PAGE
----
I’m hungry for a peanut butter and jelly sandwich all of a sudden. I just finished reading about a collection of old lunchboxes and it reminded me of my school days, swinging a Buck Rogers lunch box. I remember that the thermos would always break loose of the wire holder and would then crush whatever else was in the lunch box. By the time the lunch bell rang, I was presented with a flattened PB&J and some potato chip crumbs. The apple always persevered somehow, but what self-respecting kid eats an apple with his school lunch?
Now that I think about it, this school lunch carnage was probably due to the fact that I kicked the lunchbox all the way to the bus stop.
There’s something about metal lunchboxes that just makes them so cool. They are physically tough and the graphics are usually pretty great. Lunchboxes promoted just about every popular culture phenomenon that happened to be occurring at that point in time, from the A-Team to the Beatles. I particularly enjoy the super hero and space-themed lunchboxes. I still have that scarred and abused Buck Rogers lunch box, siting in a place of honor in the bat cave.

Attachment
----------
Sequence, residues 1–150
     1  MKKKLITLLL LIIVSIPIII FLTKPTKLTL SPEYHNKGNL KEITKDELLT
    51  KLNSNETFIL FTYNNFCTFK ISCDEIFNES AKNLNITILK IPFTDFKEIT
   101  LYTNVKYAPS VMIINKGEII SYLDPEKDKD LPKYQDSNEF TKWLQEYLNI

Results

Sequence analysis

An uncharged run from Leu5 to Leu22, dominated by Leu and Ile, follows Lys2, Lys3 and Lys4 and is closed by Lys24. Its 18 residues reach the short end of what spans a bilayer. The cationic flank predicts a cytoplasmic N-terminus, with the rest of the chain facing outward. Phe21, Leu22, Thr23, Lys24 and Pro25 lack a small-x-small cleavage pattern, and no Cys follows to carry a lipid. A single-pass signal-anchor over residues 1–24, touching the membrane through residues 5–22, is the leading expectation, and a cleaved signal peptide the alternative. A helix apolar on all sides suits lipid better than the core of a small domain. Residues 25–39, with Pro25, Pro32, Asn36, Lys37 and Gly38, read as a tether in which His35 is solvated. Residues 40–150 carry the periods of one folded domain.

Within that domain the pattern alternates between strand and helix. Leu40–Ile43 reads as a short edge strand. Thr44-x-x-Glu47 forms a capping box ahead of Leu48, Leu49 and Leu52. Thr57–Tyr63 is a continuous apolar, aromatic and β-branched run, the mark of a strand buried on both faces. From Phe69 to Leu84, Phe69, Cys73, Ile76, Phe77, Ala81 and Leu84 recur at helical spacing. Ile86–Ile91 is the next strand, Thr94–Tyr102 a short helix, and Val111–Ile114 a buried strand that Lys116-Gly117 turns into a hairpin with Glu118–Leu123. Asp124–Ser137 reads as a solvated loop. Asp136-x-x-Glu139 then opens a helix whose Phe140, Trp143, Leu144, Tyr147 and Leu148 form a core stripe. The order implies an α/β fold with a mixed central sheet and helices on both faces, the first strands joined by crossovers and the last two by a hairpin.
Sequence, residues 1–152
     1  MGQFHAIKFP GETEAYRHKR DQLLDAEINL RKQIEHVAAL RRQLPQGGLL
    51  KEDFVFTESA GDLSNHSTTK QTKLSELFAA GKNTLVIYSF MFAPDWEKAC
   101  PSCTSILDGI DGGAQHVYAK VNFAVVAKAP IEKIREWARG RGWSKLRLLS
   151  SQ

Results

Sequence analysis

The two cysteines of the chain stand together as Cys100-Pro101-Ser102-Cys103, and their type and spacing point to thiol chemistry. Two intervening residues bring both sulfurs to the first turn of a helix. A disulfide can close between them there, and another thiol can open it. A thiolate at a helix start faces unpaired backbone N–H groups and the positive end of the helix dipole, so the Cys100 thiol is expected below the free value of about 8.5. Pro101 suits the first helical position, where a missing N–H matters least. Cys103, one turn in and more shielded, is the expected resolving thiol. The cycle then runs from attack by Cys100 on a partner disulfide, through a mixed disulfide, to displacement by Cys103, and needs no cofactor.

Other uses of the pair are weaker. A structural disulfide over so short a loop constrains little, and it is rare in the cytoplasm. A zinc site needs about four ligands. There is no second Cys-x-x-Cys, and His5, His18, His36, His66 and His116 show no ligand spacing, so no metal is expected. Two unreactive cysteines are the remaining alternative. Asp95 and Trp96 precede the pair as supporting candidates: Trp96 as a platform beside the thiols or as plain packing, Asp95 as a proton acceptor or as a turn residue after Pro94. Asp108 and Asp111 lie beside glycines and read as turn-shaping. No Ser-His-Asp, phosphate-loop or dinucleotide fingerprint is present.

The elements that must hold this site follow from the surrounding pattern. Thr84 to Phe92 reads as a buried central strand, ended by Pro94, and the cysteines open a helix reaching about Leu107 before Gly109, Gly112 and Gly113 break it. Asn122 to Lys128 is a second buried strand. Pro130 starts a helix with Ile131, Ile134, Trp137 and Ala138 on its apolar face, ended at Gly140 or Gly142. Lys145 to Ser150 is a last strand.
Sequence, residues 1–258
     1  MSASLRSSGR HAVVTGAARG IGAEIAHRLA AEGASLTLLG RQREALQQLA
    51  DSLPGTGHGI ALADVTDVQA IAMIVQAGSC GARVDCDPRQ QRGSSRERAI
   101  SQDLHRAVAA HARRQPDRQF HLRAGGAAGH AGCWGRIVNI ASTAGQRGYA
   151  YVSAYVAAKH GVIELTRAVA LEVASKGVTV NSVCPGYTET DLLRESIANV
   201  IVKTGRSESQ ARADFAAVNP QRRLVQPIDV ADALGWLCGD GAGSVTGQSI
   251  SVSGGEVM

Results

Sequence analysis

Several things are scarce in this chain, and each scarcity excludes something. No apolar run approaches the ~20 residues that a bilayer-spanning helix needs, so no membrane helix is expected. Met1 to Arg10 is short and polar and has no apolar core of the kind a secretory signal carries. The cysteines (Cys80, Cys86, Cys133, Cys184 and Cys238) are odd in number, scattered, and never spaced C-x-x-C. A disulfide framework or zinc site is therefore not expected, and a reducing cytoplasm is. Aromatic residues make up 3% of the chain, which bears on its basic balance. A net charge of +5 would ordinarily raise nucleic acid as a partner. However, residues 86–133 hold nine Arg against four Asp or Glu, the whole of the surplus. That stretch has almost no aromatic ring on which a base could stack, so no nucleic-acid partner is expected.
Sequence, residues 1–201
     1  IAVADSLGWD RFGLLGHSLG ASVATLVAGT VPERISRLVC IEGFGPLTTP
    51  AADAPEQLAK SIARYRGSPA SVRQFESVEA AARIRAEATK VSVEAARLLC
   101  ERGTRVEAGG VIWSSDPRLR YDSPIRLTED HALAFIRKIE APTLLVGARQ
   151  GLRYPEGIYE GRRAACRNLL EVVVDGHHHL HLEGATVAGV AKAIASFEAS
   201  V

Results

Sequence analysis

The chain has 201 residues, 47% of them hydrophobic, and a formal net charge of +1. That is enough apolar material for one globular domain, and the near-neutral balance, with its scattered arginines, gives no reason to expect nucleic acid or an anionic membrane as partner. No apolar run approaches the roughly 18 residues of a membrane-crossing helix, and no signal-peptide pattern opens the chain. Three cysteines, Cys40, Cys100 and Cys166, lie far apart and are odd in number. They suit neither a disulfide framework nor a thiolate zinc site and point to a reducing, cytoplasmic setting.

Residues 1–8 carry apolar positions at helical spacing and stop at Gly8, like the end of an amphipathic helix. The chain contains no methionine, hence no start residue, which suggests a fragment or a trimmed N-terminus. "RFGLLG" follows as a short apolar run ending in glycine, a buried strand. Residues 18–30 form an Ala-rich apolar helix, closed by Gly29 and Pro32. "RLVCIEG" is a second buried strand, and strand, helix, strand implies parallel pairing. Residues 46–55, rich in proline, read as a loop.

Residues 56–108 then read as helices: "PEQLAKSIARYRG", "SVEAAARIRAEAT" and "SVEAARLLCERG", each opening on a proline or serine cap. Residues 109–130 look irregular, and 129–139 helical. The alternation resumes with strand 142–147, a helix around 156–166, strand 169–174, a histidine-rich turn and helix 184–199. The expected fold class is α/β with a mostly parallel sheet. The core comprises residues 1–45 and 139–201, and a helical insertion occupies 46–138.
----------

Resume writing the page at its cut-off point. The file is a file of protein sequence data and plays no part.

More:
If you like your lunch served in a cold hard box, check out Brandon Hamilton’s impressive lunchbox collection featured on the Denver Post web site.
christopher tupa says
My favorite part about the metal lunchboxes is the original art they produced for them. most were paintings and such. Now a days the retro metal lunchboxes they sell at gift stores and places like that all have photos or fancy computer graphics which doesn’t come close to captureing the magic of some awesome painted artwork.
Agreed. The hand drawn quality is lacking in most products made today. I guess it’s a lot easier to Photoshop an explosion than it is to actually paint one.